Formal letter is a form of letter meant for formal purposes and it includes many things. Formal letter is exclusively for official situations and its basic use is for communication. This form of letter writing also captures other forms of letter which are: Business letter, Resignation letter, Invitation letter, Appointment letter etc. Formal letter is totally different from Informal letters based on its structural peculiarities. This form of letter writing has a lot of strict rules guiding it and it is a known fact that language is conventional. This also extends to the aspect of letter writing. The writer has to consider a lot of factors which are guiding the formal letter format; he/she needs to carefully adhere to the rules of punctuation, paragraph and choice of words. To learn how to write a formal letter. Please follow the layout below. There also formal letter samples scattered all over the internet.

Formal letter is concise and the content of the letter should not be too much or long. The choice of words should be formal; the lexicons employed by the writer must depict formality, for example: instead of using “sick” in a context, the writer can use “Indisposed” which is more formal. Formal letter doesn’t take the use of abbreviations or familiarity context. In formal letters it is advisable to desist from the use of contractions which are: we’ve, I’ve etc, these contrastive forms make the letter less formal. The layout for a formal letter can be regarded similar to the business letter format but their differences can vividly be noticed in the content of the letter. All formal letters include the following procedures, but due to the fact that change is constant and language convention changes, new format of writing a formal letter might develop in the nearest future and below is the formal letter layout.

Sender’s address: This should be at the top-right side of the letter.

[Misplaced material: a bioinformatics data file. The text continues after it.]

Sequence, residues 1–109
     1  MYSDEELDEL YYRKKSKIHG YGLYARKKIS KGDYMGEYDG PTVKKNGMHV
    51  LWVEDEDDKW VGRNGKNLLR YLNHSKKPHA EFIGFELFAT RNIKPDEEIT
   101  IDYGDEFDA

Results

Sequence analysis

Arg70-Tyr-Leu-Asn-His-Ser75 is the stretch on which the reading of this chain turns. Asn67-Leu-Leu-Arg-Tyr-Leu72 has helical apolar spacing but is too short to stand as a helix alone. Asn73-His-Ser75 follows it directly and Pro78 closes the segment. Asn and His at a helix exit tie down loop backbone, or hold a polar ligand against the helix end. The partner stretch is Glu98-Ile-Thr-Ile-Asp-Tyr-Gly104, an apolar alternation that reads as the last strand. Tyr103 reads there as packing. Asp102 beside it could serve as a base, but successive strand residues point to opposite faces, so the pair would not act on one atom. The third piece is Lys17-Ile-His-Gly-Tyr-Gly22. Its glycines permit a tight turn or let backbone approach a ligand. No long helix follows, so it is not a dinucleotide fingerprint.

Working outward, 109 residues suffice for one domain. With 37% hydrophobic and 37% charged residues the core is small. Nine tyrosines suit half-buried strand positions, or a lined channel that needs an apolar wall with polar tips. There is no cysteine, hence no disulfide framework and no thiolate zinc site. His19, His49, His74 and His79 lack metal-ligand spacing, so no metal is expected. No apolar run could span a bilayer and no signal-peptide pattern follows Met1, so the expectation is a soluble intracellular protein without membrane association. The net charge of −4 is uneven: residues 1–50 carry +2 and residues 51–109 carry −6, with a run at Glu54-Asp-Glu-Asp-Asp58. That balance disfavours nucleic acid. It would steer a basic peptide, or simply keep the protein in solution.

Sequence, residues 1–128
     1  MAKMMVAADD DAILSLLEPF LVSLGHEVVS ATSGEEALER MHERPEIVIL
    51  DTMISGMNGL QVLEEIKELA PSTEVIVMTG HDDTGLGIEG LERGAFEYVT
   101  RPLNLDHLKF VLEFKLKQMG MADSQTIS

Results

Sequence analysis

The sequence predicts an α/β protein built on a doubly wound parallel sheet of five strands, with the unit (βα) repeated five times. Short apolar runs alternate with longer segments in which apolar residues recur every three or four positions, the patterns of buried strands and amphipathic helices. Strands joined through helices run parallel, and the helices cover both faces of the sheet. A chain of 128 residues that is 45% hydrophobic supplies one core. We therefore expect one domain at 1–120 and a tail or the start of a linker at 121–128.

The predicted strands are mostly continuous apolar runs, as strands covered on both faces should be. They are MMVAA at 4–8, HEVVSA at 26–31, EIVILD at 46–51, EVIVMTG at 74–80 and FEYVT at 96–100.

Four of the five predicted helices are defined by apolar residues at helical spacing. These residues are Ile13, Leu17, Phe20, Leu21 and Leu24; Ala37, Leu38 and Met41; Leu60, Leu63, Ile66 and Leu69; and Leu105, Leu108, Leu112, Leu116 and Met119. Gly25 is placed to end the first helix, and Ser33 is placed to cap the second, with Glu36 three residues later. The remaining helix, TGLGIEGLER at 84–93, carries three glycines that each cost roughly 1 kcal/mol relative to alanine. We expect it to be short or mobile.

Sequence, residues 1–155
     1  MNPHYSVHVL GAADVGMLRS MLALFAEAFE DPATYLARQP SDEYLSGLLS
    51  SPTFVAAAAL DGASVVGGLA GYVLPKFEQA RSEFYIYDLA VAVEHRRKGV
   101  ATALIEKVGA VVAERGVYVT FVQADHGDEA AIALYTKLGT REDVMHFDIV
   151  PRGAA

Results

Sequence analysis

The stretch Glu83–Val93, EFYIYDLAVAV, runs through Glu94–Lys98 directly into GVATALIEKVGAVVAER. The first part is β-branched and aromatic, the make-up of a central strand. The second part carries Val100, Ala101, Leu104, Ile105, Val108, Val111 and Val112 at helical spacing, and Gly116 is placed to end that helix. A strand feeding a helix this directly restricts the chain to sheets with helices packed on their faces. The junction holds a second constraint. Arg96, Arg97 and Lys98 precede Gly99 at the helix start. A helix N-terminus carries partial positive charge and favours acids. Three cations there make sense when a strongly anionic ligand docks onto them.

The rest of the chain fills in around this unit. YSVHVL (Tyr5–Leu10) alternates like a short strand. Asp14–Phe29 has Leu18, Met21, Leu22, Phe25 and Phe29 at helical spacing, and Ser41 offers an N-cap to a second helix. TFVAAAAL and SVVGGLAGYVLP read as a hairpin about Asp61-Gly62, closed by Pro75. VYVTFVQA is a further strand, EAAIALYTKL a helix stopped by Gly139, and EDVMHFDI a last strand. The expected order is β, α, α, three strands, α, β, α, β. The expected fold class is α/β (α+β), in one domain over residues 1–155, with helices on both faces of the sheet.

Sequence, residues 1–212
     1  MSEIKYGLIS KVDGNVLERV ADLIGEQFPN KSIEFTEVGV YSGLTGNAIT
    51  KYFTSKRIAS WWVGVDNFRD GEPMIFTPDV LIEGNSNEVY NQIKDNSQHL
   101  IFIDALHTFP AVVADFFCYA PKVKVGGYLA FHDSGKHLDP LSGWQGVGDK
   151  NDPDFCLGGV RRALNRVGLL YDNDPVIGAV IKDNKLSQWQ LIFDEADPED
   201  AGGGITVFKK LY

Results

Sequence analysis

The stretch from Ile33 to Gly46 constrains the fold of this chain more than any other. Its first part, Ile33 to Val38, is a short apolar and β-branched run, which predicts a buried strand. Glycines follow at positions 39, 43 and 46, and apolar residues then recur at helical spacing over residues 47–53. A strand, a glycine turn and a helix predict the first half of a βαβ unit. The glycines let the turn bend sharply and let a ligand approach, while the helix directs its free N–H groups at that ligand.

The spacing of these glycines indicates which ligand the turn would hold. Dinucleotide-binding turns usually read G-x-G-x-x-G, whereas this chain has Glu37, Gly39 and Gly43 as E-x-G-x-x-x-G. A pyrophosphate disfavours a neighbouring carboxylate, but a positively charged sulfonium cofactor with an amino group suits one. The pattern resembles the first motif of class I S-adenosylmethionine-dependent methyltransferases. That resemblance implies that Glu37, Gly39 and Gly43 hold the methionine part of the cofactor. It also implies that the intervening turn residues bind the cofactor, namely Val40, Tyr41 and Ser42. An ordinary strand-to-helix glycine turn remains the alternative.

Recipient’s address: This should be after the sender’s address at the left side of the letter.
Date: It normally comes after the sender’s address, just below it at the top-right side.
Salutation: This involves the greetings offered before proceeding to the content. Here we have: Dear sir/ma which is for an unknown recipient while Dear Mr/Mrs (name) can be used for a known recipient.
Title or Heading of the letter (which is optional in some types of formal letter): This gives the recipient the idea of what the whole letter is about. Some examples include: INVITATION TO ANNUAL ORIENTATION PROGRAMME, Request for School Buses etc.
Body: This is the content of the letter. You state the overall purpose for writing the letter.
Conclusion: Here, you wrap up the content of the letter. It might include appreciation or your anticipation towards getting a reply.
Complimentary close: This comes right after the conclusion of the letter and it goes thus: Yours Faithfully for a recipient the writer doesn’t know while Yours Sincerely is used for a recipient known by the writer. And it can be either at the right-down side or left down side as there are recent development in the format of formal letter.
Signature and Name of the writer: These two come last in letter writing. Right after the complimentary close, we have the signature of the writer and below that is the writer’s name.


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